Now Available: Liz Magor’s Hat and Gloves


Liz Magor

Hat and Gloves, Polymerized gypsum, chocolate bars,
edition 2/2, 2007, 8 x 10 x 2 1/2 in.

 

In this cast sculpture, Magor represents everyday objects. Here she highlights the psychology of desire and addiction (hence the stack of chocolate bars). The chocolate bars hidden underneath the hyper-realistic hat and gloves are meant to allude to “stashing” the addiction, as well as referencing her recurrent theme of hoarding. Hat and Gloves (edition 2/2) was exhibited in “Habitude” at Musée d’art contemporain de Montréal in 2016, traveling to 2018.

“[w]ith a career spanning more than 40 years, Magor has become an acknowledged force in contemporary art. In addition to winning major prizes that include a Governor General’s Award in Visual and Media Arts and the Audain Prize for lifetime achievement, Magor has also represented Canada at prestigious international venues such as the Venice Biennale. Habitude — a non-chronological survey featuring approximately 75 works in various media — is essentially a greatest hits tour by a rock-star artist. Seeing so many of her works all in one place only adds to their power.”

Lisa Hunter of the National Gallery of Canada, writing about Magor & “Habitude.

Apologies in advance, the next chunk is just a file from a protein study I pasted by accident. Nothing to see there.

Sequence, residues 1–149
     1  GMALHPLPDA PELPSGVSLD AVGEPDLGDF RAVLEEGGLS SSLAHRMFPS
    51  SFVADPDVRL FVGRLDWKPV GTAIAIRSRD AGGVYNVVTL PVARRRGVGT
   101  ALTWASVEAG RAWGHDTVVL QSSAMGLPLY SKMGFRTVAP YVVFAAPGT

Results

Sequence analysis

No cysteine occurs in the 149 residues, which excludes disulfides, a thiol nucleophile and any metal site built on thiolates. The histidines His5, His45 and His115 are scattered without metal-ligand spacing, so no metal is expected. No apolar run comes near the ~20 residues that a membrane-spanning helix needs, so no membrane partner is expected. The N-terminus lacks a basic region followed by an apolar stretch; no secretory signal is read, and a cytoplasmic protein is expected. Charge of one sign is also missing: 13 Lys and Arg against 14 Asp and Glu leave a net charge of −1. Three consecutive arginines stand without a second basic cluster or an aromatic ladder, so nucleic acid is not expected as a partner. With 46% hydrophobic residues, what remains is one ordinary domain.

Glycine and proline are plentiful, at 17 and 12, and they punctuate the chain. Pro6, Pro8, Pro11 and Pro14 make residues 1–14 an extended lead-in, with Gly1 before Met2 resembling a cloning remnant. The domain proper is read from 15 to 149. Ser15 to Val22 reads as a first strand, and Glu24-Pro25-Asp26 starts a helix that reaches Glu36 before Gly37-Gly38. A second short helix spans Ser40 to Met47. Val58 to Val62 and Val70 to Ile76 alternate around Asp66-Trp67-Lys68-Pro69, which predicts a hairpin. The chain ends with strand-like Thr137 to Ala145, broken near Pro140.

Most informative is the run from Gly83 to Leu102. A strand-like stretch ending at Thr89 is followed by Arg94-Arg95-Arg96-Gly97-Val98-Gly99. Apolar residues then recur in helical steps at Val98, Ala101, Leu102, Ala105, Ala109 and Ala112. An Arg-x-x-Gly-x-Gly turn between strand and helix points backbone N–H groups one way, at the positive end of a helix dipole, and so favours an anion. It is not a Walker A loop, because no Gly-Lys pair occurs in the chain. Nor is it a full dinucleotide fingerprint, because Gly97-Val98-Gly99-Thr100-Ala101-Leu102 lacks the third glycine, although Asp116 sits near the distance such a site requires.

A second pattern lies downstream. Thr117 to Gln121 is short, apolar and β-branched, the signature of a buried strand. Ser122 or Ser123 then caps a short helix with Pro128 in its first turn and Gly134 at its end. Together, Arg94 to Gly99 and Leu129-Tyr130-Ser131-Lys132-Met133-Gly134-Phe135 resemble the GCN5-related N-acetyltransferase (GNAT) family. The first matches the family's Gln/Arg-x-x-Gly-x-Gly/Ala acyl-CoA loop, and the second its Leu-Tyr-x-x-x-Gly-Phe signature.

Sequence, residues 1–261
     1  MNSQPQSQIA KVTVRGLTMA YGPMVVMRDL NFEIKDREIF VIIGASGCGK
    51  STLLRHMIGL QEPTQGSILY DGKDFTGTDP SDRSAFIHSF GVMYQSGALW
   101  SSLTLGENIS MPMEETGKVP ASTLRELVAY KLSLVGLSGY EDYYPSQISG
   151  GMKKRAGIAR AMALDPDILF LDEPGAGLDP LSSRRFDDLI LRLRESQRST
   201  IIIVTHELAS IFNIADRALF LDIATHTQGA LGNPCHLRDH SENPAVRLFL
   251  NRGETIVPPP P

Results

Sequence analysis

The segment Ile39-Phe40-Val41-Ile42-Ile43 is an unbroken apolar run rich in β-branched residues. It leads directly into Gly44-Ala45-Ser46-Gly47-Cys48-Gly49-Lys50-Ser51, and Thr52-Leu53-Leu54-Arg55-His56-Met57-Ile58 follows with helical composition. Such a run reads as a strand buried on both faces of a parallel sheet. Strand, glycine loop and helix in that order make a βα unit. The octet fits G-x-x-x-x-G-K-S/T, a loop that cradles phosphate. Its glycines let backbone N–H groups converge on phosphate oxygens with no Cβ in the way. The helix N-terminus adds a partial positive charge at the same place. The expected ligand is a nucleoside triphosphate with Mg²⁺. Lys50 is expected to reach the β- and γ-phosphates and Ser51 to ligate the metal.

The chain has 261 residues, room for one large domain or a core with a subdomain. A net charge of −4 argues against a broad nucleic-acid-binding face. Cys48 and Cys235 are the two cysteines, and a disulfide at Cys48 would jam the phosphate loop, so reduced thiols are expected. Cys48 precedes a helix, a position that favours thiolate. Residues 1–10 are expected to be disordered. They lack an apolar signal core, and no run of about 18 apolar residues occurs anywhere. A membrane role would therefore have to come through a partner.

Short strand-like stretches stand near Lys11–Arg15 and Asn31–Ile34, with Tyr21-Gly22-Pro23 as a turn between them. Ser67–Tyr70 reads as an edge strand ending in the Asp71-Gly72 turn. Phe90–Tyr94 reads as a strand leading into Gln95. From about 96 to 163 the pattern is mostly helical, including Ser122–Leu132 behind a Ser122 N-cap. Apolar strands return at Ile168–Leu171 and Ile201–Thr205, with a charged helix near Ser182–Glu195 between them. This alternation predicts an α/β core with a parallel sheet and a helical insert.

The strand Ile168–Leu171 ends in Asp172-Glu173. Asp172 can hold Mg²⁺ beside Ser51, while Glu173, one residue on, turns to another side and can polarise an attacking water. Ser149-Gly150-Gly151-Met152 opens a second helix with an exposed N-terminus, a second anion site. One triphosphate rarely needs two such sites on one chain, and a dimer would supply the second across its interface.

“[f]rom one point of view, making art is a way of testing the positions one might take relative to the world, and the people and things found in the world. The materials, the images, the operations, the forms of address, they all come from an inventory of possibilities and I’m conscious of my choices. By now I have an enhanced ability to make things, but a diminished need for those things to speak symbolically or profoundly. Now I’m spending hours making the things I used to find unbeautiful and meaningless–a pile of towels, a stack of trays, a discarded jacket, a cardboard box–and setting them up in a relationship to found things. My interest is how the studio part affects the found part. Through some mysterious operation the found things become really alive when set against the sculptural representation of something ordinary.

-Liz Magor, speaking about her work in an interview with Lesley Johnstone, published in Musée d’art contemporain de Montréal’s 2016 catalogue on the artist.

Pricing & Availability     Read more about Liz Magor’s Habitude exhibition here